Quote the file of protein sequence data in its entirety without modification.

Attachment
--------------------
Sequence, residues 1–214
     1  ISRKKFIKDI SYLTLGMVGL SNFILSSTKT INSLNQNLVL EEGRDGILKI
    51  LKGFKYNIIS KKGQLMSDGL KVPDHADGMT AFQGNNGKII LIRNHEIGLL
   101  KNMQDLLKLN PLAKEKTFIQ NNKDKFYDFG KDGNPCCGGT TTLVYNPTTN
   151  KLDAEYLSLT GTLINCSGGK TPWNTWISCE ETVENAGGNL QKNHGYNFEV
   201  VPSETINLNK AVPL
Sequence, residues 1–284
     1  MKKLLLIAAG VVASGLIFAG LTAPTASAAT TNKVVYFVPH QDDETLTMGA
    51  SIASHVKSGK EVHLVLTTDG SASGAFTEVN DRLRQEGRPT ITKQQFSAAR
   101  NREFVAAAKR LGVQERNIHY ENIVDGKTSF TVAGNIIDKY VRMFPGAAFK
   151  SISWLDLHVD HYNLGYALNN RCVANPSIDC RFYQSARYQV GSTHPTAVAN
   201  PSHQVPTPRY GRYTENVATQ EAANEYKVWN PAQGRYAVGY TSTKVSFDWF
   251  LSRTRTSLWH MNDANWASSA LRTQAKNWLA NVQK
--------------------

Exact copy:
Sequence, residues 1–214
     1  ISRKKFIKDI SYLTLGMVGL SNFILSSTKT INSLNQNLVL EEGRDGILKI
    51  LKGFKYNIIS KKGQLMSDGL KVPDHADGMT AFQGNNGKII LIRNHEIGLL
   101  KNMQDLLKLN PLAKEKTFIQ NNKDKFYDFG KDGNPCCGGT TTLVYNPTTN
   151  KLDAEYLSLT GTLINCSGGK TPWNTWISCE ETVENAGGNL QKNHGYNFEV
   201  VPSETINLNK AVPL
Sequence, residues 1–284
     1  MKKLLLIAAG VVASGLIFAG LTAPTASAAT TNKVVYFVPH QDDETLTMGA
    51  SIASHVKSGK EVHLVLTTDG SASGAFTEVN DRLRQEGRPT ITKQQFSAAR
   101  NREFVAAAKR LGVQERNIHY ENIVDGKTSF TVAGNIIDKY VRMFPGAAFK
   151  SISWLDLHVD HYNLGYALNN RCVANPSIDC RFYQSARYQV GSTHPTAVAN
   201  PSHQVPTPRY GRYTENVATQ EAANEYKVWN PAQGRYAVGY TSTKVSFDWF
   251  LSRTRTSLWH MNDANWASSA LRTQAKNWLA NVQK